Turned from a slow leak into a fast leak, it seems. TPMS light popped on a few weeks back, the left front was down to 30lbs, and it should have been 36. So I reset it, and forgot it. Then a couple days ago, the wife texts me that it's on again. She checked it, it was at 29lbs, and she filled it again. Then it happened again a day later.
So I pulled the wheel off in the cold garage in hopes to find a nail, or a TPMS sensor leaking.
The tire was caked with slush and snow, so I filled a bucket with warm water, shoveled off the unused patio so I had a place to pour it that I didn't have to worry about freezing over with a sheet of ice, and as soon as I started pouring, even with no soap (that was to come later if needed) I started seeing bubbles.
Near the sidewall.
One tiny little nail, too close to the sidewall to be properly repaired. And, to make matters worse, it's an 18" Bridgestone. Not the cheapest tire in the world. Yeah, I could throw on any old tire but the CX-9 is AWD, and the tires still have 9/32nds of tread. I might as well fix it right, and get the proper tire.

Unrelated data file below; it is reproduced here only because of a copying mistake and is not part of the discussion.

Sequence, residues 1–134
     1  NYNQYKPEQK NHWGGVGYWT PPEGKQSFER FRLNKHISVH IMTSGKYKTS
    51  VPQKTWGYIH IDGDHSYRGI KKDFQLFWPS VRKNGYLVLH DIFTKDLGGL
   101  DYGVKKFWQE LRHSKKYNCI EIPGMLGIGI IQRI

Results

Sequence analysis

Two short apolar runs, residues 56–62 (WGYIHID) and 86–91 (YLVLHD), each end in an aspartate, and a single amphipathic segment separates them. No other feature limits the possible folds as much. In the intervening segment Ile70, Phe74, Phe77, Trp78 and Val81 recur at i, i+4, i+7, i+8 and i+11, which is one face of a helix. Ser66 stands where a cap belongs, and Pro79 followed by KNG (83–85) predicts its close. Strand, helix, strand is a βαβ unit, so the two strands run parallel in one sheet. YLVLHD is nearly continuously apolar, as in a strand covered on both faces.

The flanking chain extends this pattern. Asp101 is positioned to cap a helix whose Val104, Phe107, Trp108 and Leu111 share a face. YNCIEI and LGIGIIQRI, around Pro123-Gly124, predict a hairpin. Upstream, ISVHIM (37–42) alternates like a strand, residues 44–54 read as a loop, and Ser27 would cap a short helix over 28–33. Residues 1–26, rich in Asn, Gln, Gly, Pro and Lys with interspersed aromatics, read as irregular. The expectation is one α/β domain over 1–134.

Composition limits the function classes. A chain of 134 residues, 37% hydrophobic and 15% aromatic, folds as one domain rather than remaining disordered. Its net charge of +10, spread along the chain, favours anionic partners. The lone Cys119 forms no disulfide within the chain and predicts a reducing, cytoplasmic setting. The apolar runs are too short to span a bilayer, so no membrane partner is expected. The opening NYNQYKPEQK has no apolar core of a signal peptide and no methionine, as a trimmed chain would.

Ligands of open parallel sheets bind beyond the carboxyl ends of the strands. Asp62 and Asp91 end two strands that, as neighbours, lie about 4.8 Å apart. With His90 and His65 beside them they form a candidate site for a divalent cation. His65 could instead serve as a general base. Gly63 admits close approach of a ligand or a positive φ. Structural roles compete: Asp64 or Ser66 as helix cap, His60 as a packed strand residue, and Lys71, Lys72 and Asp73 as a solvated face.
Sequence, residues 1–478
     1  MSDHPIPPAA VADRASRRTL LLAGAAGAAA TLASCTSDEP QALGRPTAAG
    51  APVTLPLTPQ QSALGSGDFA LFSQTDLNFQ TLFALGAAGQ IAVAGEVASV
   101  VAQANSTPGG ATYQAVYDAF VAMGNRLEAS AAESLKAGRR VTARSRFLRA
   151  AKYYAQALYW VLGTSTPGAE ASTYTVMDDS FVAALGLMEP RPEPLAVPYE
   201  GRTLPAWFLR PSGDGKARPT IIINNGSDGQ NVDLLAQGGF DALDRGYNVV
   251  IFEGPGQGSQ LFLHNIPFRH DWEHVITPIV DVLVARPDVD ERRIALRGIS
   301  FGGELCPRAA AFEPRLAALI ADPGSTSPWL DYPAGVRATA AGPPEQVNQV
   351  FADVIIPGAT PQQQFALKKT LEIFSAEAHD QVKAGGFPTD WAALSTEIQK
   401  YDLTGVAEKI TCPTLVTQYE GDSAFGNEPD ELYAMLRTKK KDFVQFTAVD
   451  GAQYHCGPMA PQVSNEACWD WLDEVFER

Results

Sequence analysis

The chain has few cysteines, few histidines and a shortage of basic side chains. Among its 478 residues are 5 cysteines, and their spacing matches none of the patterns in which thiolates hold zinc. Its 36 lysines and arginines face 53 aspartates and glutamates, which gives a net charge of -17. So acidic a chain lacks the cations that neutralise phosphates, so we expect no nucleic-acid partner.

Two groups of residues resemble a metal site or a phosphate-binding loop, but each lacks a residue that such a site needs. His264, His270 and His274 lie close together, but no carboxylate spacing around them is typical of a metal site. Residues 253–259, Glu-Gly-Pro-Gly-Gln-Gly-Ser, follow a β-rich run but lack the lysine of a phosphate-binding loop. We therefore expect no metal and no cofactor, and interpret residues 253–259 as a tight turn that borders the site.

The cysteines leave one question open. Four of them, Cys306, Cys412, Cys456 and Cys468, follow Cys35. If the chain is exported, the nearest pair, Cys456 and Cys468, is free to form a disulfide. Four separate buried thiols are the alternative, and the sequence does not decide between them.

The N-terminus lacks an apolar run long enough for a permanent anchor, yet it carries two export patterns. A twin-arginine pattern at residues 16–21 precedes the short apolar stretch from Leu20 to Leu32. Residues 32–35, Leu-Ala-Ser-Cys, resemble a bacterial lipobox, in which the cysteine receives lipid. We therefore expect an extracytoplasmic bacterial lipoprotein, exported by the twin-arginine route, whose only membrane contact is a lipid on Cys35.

But in the mean time....
Dug out the space saver spare. Which was damn near flat. Good thing she didn't loose the tire out on the highway somewhere. It seemed to stop leaking around the 29/30psi mark, so she was always able to get to work/school/home.
Question to manufacturers: Why do you always seem to place the spare tire in a way where the valve stem is near impossible to reach without removing the tire? That makes NO ONE want to check it, so they always seem to go flat over time. So when you do intend to use it, you cannot safely. This thing has a recommended inflation pressure of 60PSI. My gauge barely read 10.
But all's well that ends well. Put the spare on, aired it up, and brought the offending flat tire and wheel with me to work where I might just have a replacement for it. Or I can easily order one. Soon as I have a moment to get away from work and have some personal time, that is.